Economists Optimistic Even As Sales Growth Slows A group of economists believe that U.S. economic growth is stable despite sales growth slowing in the second quarter, according to a new report.
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Businesses saw the pace of sales growth slow in the second quarter, while margins tightened for the first time in four years, according to the July survey of the National Association for Business Economics.
Still, economists surveyed didn't change their outlook that U.S. gross domestic product will grow at more than 2 percent over the next 12 months.
NABE calculates sales growth through a net rising index, or NRI, which takes the percentage of its members reporting rising unit demand and subtracts the percentage reporting falling demand. Overall, the NRI in the latest survey fell sharply to 20, from 47 in the first quarter. In all, just 35% of the companies surveyed reported any rise in sales.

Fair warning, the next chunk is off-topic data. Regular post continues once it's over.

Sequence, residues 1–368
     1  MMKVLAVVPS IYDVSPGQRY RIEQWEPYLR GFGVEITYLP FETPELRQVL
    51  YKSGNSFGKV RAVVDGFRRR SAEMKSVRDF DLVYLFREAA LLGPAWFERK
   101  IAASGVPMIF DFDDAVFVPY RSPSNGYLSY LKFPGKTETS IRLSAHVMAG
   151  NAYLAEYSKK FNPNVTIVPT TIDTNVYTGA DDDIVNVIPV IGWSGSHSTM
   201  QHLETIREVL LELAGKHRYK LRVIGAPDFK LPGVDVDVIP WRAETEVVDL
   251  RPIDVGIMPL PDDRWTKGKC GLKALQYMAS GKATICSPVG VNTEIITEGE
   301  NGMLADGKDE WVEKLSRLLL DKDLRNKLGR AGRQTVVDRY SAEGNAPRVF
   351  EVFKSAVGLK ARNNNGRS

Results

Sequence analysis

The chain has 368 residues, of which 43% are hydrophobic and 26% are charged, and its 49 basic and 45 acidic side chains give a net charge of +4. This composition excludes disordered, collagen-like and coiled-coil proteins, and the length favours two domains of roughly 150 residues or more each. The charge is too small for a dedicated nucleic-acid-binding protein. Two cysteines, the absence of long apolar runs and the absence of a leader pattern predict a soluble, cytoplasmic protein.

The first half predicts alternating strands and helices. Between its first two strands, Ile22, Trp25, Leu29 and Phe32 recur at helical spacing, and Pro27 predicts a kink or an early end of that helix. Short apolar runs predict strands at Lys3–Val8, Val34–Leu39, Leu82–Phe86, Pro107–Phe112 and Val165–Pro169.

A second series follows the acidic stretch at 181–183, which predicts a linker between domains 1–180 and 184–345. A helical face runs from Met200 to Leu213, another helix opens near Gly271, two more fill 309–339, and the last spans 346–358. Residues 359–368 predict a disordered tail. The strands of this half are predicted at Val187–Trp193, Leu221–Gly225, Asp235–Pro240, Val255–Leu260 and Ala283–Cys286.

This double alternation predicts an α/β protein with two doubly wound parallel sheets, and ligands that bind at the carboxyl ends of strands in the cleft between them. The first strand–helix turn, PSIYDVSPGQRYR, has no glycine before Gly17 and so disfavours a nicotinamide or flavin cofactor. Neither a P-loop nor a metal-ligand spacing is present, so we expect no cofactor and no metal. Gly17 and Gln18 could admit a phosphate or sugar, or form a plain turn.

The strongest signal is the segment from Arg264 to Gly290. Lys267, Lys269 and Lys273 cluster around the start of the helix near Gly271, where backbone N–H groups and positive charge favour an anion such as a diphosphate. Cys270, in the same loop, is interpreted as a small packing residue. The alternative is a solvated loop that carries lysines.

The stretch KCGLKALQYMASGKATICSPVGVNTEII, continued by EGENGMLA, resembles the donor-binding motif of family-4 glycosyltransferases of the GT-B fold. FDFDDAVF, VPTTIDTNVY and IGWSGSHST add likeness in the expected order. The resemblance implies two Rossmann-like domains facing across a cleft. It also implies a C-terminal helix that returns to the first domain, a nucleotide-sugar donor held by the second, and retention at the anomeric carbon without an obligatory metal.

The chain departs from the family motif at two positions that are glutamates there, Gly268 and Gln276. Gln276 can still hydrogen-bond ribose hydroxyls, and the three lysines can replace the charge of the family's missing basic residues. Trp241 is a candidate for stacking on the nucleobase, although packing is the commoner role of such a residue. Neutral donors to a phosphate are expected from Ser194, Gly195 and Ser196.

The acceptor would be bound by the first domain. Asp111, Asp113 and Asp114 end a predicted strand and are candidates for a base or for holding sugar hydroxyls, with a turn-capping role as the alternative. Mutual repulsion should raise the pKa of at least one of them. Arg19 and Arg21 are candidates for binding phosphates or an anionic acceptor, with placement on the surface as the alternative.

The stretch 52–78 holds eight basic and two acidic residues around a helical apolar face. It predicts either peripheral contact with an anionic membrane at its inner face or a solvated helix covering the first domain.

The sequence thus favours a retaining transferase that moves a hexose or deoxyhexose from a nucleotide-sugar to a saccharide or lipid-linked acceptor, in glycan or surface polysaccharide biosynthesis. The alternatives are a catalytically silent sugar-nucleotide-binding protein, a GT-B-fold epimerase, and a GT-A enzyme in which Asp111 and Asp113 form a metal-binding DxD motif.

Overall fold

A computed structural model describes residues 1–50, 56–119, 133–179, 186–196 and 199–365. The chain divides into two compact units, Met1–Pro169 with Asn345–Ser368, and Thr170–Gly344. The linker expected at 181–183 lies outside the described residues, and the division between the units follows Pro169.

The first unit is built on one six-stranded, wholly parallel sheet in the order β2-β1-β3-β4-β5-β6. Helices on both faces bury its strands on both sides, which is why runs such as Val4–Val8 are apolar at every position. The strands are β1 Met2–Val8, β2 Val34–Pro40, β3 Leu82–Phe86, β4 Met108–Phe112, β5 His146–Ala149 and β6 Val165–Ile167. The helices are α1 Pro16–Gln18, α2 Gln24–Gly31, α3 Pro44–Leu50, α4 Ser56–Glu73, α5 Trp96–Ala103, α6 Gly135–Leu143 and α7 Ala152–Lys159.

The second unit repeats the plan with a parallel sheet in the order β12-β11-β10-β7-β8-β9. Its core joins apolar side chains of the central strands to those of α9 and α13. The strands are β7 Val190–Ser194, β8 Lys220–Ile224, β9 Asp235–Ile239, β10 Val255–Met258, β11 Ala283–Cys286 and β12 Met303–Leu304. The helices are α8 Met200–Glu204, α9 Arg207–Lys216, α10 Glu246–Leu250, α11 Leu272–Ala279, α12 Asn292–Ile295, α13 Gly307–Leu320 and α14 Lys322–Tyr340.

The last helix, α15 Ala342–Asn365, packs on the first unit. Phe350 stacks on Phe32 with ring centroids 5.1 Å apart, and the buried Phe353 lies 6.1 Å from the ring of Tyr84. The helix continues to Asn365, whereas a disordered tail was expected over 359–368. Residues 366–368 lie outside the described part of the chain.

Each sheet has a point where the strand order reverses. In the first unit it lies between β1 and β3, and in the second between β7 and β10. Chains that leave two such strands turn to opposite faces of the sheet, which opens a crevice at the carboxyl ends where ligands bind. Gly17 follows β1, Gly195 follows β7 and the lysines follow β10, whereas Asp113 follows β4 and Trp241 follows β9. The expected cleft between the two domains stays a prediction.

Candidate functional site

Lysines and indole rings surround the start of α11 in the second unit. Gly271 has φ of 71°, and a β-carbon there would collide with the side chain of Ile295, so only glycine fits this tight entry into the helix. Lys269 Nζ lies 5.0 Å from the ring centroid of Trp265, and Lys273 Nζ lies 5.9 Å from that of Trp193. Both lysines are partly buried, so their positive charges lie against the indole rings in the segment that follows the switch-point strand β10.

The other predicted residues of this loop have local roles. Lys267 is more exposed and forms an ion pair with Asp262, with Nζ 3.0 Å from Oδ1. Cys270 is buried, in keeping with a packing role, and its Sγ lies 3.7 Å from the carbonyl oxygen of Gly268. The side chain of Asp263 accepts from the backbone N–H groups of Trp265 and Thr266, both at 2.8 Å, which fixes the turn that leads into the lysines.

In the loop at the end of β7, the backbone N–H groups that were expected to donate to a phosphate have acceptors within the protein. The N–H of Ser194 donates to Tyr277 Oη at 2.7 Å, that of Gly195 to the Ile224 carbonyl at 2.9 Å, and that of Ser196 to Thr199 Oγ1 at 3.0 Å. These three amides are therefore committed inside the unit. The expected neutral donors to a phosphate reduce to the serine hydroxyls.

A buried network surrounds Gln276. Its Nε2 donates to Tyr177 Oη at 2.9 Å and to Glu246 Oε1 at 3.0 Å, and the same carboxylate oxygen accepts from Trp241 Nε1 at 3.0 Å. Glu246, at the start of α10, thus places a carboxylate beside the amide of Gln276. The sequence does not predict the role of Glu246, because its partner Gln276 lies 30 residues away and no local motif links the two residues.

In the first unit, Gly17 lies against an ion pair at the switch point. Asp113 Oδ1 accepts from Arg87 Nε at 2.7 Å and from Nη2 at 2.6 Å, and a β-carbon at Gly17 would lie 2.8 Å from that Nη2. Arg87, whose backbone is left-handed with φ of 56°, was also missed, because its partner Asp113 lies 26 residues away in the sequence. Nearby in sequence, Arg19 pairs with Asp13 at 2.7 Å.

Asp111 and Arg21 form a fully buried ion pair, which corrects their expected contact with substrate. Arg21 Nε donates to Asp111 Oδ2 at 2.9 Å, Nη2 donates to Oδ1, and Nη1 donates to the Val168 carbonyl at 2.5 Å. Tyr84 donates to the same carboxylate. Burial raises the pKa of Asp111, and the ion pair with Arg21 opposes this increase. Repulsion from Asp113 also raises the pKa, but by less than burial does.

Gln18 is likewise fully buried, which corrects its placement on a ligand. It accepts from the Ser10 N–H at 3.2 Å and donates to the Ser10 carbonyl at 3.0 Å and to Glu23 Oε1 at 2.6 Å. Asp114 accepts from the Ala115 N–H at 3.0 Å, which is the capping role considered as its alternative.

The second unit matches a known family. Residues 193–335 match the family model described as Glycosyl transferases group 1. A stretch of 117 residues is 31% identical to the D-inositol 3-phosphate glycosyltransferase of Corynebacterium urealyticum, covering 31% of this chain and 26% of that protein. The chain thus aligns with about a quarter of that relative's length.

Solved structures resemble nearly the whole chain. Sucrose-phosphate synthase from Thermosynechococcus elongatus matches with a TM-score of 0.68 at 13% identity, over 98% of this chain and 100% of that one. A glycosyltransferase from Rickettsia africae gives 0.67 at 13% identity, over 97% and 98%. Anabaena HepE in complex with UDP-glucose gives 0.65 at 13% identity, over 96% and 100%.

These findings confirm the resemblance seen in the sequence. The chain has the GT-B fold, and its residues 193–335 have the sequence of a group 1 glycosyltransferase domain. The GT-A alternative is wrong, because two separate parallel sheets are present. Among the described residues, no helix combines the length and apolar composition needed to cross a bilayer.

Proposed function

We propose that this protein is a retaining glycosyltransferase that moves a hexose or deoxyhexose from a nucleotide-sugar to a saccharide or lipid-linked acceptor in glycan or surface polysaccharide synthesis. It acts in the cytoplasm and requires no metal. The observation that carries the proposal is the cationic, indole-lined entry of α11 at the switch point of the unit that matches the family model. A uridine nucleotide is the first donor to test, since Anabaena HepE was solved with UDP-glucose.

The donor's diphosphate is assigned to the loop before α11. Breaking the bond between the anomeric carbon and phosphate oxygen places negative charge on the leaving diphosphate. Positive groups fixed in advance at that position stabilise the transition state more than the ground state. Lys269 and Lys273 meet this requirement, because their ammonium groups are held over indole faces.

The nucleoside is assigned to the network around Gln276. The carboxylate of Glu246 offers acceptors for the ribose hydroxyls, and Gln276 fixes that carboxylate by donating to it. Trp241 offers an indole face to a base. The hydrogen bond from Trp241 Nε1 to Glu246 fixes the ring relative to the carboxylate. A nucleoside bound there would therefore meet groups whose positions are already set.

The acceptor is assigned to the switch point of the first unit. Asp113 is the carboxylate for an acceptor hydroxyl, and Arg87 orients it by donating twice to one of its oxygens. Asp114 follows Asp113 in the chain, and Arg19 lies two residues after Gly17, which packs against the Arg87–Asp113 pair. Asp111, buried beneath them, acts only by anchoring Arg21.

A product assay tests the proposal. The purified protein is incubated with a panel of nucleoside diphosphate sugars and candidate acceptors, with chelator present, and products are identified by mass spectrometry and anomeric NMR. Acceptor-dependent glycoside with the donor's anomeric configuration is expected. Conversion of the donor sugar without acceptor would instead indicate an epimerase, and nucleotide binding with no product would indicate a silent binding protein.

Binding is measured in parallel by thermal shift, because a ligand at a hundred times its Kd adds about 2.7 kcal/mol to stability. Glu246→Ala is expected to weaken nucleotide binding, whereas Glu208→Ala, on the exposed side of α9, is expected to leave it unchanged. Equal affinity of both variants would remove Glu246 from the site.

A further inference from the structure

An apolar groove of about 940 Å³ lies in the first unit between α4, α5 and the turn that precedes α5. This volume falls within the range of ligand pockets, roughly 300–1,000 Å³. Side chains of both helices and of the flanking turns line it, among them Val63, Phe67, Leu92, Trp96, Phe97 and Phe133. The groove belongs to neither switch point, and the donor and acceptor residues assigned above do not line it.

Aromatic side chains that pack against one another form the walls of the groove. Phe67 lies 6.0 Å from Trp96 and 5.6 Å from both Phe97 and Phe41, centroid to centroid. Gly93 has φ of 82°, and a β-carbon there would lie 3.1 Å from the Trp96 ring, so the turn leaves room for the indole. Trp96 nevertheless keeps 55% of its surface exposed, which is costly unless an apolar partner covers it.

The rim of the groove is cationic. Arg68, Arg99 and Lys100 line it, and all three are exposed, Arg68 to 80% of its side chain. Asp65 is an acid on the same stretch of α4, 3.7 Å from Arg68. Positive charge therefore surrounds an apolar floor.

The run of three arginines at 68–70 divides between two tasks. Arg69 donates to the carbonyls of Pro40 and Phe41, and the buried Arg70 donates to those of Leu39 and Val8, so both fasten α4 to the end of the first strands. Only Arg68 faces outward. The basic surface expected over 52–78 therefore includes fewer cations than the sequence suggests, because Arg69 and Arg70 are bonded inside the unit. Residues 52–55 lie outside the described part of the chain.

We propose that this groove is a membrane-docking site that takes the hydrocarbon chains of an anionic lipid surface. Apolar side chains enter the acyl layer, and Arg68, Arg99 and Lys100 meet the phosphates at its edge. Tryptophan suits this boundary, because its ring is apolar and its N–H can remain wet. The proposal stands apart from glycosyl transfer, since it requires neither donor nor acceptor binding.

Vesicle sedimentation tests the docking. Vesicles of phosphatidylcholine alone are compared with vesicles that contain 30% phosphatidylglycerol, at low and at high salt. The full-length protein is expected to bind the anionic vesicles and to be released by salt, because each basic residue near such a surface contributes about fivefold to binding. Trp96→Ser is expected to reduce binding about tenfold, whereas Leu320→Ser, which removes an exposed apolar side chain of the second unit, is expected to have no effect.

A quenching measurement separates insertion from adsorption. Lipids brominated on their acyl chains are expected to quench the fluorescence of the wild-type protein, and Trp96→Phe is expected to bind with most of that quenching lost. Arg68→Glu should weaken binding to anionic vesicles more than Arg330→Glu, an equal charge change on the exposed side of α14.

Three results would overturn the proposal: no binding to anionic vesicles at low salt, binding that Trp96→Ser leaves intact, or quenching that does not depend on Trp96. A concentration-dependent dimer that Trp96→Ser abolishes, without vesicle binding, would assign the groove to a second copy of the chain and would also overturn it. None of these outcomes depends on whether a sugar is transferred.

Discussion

Margins were also disappointing. Only 21 percent of companies polled reported a rise in profit margins, marking the worst reading since 2009.
The outlook on hiring remained stable. According to NABE, 39 percent of the survey respondents expect employment at their companies to rise over the next six months. That was on par with the 40 percent who said the same thing the prior month. Only 3 percent expect to have significant layoffs, which has been consistent for the survey results over the past year.
Business economists polled continued to list the state of the global economy, government spending cuts and more regulations as their top worries. But the latest survey also saw a jump in rising interest rates as a concern -- likely driven by recent indications by the Federal Reserve that it will back off some of its stimulus.